SMOG, you may or may not know, comes from two words: “Smoke” and “Fog.” It was coned in the early 20th century, and over time it came to be associated with the city of Los Angeles, the world capital of SMOG as it were, especially in the 1960s. With Los Angeles situated as it is in a basin, and with insufficient winds to blow the SMOG away, the city of automobiles began to suffer from high concentrations of pollution as the automotive revolution really took hold. Thus was born: SMOG.
SMOG Check, of course, is California’s program requiring all vehicles to comply with certain regulatory requirements to combat SMOG. As a SMOG Check station or participant in the Bureau of Automotive Repair’s STAR program, you are helping to keep the state in good air quality. You should be proud of what you do: you are an important combatant in the war against pollution. It’s unfortunate that at times you might seem “at war” with the Bureau of Automotive Repair, but let’s leave that aside for a moment.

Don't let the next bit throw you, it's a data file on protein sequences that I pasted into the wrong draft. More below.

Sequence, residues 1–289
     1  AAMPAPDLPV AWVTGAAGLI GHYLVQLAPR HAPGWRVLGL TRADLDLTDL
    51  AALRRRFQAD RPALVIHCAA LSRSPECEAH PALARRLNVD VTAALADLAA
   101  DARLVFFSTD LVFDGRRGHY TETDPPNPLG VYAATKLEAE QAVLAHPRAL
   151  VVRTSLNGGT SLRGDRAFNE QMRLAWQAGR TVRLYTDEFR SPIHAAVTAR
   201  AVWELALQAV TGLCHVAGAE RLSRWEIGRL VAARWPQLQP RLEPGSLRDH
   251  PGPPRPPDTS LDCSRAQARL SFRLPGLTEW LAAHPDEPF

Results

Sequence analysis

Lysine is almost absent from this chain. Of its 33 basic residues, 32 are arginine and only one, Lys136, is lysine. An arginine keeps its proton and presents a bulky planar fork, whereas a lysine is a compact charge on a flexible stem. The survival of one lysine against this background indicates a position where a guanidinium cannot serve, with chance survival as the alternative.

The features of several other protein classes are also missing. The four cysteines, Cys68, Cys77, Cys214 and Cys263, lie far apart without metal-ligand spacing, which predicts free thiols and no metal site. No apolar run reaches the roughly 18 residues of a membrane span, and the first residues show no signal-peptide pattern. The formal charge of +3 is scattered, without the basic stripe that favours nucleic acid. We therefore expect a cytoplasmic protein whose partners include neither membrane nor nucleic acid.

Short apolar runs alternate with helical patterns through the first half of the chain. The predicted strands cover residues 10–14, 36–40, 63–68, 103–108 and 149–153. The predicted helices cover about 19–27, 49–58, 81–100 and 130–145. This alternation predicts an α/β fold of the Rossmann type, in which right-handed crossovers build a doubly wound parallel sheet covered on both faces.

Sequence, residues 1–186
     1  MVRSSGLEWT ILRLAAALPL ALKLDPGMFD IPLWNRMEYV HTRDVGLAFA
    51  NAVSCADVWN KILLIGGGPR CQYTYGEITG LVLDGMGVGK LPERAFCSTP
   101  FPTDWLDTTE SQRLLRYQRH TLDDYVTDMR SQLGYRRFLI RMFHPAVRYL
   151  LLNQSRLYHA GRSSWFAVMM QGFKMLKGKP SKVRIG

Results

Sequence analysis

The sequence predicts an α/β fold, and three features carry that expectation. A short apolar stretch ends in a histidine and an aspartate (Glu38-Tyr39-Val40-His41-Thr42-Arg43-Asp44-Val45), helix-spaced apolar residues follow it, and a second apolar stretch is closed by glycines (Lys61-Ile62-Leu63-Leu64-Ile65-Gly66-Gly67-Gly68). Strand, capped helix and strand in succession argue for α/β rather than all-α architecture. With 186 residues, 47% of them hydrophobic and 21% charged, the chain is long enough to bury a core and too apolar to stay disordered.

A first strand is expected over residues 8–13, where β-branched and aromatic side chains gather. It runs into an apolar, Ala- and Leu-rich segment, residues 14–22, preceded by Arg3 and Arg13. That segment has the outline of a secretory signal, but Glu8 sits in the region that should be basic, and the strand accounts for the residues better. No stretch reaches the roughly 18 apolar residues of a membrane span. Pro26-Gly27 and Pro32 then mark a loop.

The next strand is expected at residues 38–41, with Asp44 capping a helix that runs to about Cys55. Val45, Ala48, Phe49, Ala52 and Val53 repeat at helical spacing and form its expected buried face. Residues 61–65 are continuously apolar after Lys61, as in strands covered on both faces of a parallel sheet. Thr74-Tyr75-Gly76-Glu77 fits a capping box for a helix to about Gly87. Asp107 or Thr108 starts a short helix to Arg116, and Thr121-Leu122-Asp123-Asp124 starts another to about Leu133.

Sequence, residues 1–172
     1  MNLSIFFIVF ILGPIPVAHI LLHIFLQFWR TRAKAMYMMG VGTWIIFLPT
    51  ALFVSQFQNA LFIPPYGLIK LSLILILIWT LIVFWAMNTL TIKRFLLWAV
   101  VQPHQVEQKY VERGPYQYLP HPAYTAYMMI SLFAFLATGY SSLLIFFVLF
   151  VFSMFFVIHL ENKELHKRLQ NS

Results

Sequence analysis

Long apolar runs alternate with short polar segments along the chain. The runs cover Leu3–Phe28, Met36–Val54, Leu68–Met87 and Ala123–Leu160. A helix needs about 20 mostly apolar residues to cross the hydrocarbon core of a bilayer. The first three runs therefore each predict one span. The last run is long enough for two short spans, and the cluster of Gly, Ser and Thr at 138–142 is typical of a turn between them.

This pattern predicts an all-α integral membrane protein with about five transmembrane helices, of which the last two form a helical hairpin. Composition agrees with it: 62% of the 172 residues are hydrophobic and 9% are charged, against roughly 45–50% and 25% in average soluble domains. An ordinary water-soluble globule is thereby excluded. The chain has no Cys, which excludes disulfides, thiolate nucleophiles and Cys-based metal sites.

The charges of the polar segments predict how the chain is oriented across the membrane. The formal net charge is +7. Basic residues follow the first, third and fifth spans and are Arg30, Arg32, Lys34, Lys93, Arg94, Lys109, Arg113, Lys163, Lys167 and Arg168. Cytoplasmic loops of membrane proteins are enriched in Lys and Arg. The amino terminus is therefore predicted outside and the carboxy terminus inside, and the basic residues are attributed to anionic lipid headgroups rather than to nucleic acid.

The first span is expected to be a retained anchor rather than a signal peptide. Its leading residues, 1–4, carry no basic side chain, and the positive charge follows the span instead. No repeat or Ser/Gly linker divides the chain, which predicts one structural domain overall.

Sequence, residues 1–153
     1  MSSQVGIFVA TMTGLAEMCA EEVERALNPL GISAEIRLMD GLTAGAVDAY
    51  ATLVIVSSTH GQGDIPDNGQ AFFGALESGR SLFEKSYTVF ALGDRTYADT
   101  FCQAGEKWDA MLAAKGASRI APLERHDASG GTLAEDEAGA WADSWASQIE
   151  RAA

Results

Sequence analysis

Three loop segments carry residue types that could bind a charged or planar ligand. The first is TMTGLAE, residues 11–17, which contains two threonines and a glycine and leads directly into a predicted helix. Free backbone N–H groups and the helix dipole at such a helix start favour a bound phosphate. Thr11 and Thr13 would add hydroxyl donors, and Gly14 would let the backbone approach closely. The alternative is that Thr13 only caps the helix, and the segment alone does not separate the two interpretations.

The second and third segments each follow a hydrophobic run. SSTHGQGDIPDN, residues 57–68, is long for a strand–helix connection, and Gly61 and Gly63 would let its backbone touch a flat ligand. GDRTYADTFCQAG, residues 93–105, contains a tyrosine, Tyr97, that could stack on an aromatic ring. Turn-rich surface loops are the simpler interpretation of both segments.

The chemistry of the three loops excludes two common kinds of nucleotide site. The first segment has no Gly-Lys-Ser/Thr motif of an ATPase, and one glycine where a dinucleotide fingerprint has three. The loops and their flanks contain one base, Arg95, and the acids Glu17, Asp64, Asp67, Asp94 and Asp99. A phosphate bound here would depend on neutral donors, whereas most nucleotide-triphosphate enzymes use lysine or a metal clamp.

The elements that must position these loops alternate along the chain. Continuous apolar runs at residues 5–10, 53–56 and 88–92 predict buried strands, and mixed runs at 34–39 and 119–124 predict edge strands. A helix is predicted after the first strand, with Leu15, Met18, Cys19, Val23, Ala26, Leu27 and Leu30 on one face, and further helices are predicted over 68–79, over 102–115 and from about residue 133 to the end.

As attorneys working in Bureau of Automotive Repair cases, both administrative and criminal, we are often used for our expertise in the in’s and out’s of the government regulations concerning the SMOG check programs. Station owners and technicians turn to us. But what about SMOG? What is the origin on this word, and what has it come to mean?
SMOG comes from “smoke” and “fog,” of course, but in Los Angeles and most of California one of its primary components is vehicle emissions. When a weather inversion hits Los Angeles, (meaning that the air is literally trapped), then the pollution from the area’s millions of cars, has nowhere to go. At that point the South Coast AQMD (Air Quality Management District) may issue a “smog alert.” If you’re up for it, you can check their historical page on SMOG. Another good resource on the issue is the California Air Resources Board. For a historical look at SMOG in Los Angeles, read “Los Angeles Smoggy Past: In Photos.”
The Ingredients of SMOG
The ingredients for SMOG, therefore are –
- Lots of automobiles, trucks, buses, and industrial sources of pollution, especially particulate pollution.
- Fog, inbound air with some moisture.
- Geography, as in Los Angeles (but not so much in the San Francisco Bay Area), wherein large mountains capture the sea air and prevent it from flowing outward.
- A temperature inversion – a lack of wind, and an inversion of hot and cold air, thereby trapping the air.
The SMOG check program originated in the struggle against SMOG. By being a SMOG check station, you are helping the state in its struggle against pollution. So be proud. And, of course, if you have issues with the Bureau of Automotive Repair and regulatory concerns, call or email us. We can help.